Every organization's culture is different, so we work closely with our clients before each visit to design a plan that meets their specific needs. Our workshops can be as short as a day or as long as a full week. We can give presentations to larger groups in auditoriums or work intensively in smaller hands-on sessions. Some of our specialties include 1:1 programs, iPad and mobile device integration, Flipped Classrooms, as well as content areas such as History, English, Foreign Languages, or Elementary Education.
Please Contact Us if you would like to schedule a member of our team. We also recommend our full year, Teaching for the 21st Century (T21) Program for those who are looking for a more long-term, sustained model.
The iPad Classroom
In the past year, iPads and iPad Mini have taken PS-12 and college-level classrooms by storm, quickly emerging as the mobile device of choice. As iPad evolves - and its apps become increasingly powerful - the device becomes more versatile, and its creative potential increases. This workshop focuses on effective iPad innovation from both a conceptual as well as a practical standpoint. Beginning with understanding the device itself and the features of the iOS, we will move along a continuum from consumption to creation to curation with iPad.
The Advanced iPad Classroom
For organizations who have already spent considerable time focusing on effective integration of iPads, this workshop provides an exploration of advanced curation, creation and organization using iPads. Advanced workflow strategies and multi-app combination scenarios to create multimedia content are a central focus in this session. Participants also explore the use of iPad specific Learning Management Systems (LMS) to organize and manage an iPad classroom as well as the creation of student portfolios. Advanced iPad classroom scenarios are also explored with an eye towards solving unique problems that arise in an iPad classroom.
Creating Digital Course Content
With iPads and other mobile devices increasingly becoming the device of choice for 1:1 programs, educators now have the ability to create and curate their own custom content that can be published and distributed to students online and then directly to their mobile device. The Creating Digital Course Content Workshop is an intensive, hands-on workshop for educators, Tech Directors, and Technology Integration Specialists that focuses on creating custom resources for the iPad and other mobile devices. Participants learn how to create and distribute PDF and eBook documents both from a computer as well as a mobile device, and experiment with various apps that can be used to read, annotate, create, and curate digital content. Additionally, participants may explore ways to create and integrate multimedia such as audio, video, and screencasts in addition to these publications.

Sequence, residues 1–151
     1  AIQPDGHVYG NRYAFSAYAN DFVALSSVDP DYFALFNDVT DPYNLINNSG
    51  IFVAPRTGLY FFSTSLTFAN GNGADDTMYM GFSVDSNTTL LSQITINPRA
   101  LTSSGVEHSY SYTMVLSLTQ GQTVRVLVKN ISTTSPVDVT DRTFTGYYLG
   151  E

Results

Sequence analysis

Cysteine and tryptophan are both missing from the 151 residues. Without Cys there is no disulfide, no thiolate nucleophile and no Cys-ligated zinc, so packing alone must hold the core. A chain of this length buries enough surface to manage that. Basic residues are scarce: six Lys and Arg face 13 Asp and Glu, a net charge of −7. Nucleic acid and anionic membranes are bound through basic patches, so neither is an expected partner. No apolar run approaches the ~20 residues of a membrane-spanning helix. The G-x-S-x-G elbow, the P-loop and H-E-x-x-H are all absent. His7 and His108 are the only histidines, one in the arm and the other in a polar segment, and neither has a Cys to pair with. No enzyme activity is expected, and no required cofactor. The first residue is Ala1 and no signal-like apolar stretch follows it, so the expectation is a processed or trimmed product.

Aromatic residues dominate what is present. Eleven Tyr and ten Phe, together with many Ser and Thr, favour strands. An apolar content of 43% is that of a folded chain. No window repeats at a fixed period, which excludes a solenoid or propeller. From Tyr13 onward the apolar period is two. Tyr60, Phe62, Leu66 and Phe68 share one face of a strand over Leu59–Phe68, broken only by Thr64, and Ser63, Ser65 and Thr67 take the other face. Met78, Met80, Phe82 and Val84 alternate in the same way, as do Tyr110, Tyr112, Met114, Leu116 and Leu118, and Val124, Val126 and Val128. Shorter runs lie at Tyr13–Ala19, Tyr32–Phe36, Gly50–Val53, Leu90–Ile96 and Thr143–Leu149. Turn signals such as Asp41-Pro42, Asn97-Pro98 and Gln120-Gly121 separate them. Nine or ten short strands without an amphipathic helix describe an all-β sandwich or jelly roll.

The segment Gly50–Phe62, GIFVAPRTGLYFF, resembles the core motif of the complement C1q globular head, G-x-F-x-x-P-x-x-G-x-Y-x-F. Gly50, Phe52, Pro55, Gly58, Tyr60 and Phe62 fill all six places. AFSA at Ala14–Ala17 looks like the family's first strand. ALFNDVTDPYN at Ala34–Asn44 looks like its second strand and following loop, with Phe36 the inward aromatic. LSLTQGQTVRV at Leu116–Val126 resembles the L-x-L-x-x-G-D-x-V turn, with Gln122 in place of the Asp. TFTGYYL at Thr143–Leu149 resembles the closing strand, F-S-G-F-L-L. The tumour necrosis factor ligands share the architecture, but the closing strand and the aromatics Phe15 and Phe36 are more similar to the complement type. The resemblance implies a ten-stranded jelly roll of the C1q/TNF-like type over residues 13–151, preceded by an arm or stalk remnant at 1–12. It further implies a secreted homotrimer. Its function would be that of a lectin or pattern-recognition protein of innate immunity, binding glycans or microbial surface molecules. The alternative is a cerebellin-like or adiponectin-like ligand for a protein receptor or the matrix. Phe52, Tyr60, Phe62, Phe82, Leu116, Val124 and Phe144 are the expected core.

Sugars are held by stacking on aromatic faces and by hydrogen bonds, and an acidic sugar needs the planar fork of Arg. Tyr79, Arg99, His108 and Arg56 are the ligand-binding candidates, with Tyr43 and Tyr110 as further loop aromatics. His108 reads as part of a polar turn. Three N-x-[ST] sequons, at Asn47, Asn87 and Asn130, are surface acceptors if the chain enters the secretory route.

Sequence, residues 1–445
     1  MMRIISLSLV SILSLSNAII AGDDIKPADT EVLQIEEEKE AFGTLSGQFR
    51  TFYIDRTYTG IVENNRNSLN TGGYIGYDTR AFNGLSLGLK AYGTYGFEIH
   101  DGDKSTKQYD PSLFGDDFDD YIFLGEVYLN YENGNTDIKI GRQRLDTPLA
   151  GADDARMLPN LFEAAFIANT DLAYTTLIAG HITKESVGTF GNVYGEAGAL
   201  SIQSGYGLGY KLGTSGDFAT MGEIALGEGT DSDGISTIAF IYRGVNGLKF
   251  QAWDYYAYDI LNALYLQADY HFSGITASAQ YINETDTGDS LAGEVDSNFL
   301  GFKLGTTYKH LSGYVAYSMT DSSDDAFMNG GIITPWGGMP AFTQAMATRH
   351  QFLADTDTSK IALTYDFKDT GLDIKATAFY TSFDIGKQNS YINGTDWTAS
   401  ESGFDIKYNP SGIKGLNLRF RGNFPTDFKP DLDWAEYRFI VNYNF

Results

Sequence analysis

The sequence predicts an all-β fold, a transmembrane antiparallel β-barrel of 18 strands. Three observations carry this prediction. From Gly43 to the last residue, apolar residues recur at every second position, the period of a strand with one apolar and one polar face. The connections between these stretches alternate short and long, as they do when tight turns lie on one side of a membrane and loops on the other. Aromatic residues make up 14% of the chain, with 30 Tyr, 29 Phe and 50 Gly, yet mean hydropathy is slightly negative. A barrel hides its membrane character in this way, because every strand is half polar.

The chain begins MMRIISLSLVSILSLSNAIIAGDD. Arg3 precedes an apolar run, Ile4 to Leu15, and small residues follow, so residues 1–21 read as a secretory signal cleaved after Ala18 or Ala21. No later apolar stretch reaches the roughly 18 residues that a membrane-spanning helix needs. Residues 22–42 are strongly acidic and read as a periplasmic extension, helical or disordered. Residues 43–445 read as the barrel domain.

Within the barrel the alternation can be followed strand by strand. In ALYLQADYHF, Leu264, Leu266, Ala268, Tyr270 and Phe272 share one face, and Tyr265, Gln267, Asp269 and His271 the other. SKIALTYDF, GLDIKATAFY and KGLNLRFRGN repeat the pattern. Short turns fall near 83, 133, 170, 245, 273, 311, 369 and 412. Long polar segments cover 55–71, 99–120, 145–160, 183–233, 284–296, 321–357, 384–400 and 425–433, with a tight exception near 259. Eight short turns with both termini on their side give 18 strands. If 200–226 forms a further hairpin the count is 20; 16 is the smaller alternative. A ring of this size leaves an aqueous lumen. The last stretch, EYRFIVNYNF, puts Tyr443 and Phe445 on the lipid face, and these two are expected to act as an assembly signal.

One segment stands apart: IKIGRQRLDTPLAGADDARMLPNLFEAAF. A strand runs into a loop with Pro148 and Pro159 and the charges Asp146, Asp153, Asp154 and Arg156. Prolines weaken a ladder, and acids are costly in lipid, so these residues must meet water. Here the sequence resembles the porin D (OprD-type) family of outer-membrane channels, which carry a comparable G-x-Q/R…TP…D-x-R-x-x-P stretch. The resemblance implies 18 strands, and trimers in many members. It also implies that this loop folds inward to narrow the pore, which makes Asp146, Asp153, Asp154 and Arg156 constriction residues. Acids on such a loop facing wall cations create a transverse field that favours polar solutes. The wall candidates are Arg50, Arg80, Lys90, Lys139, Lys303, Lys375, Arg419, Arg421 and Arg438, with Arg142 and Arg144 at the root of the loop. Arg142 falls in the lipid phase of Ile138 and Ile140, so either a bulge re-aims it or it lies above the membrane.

Using Google Apps in the Collaborative Classroom
Google Docs and Google Drive encourage collaborative learning, information sharing, and student engagement. They facilitate communication and community building between teachers, students, colleagues, and parents. This hands-on Google Docs workshop will help educators use Google Docs and Google Drive for synchronous and asynchronous collaboration with their students as well as their colleagues. In addition to basic uses of the tools, we will address advanced topics such as conditional formatting in spreadsheets for formative assessment and collaborating across multiple devices (e.g. laptop, iPad, or other tablet) using the Drive app. We will not only discuss how to use these tools to support collaboration but also why.
The Best Web 2.0 Tools & Apps for Teachers
This workshop highlights innovative educational uses of the Read-Write Web and shows how teachers can use Web 2.0 to empower students and facilitate creative and collaborative learning opportunities. The session provides an overview of some of the best and latest Web 2.0 tools and apps for education, and outlines classroom-tested projects and techniques for using Web 2.0 in the classroom. Classroom examples feature blogs, wikis, social networks, podcasts, screencasts, e-book creation, and more. The intuitive, free, and interactive Web 2.0 tools featured in this session allow educators to create online connections that support both classroom instruction and professional growth. Participants will work with a few free and simple tools and may also choose to explore a particular tool of interest in detail.
The Flipped Classroom
With the Flipped Classroom, teachers turn the traditional classroom structure on its head and use technology to reorganize class so that students maximize the value of their time with their teachers and peers. In this workshop, teachers will develop the skills to flip their own classrooms. From conceptual framework, to strategies for ensuring that students perform the most cognitively difficult work during class time when they have peers and teachers to help them, to simple screencasting and media production tools that allow teachers to create their own content, we will examine how teachers and students can use a variety of collaborative platforms in class to maximize the value of their time together.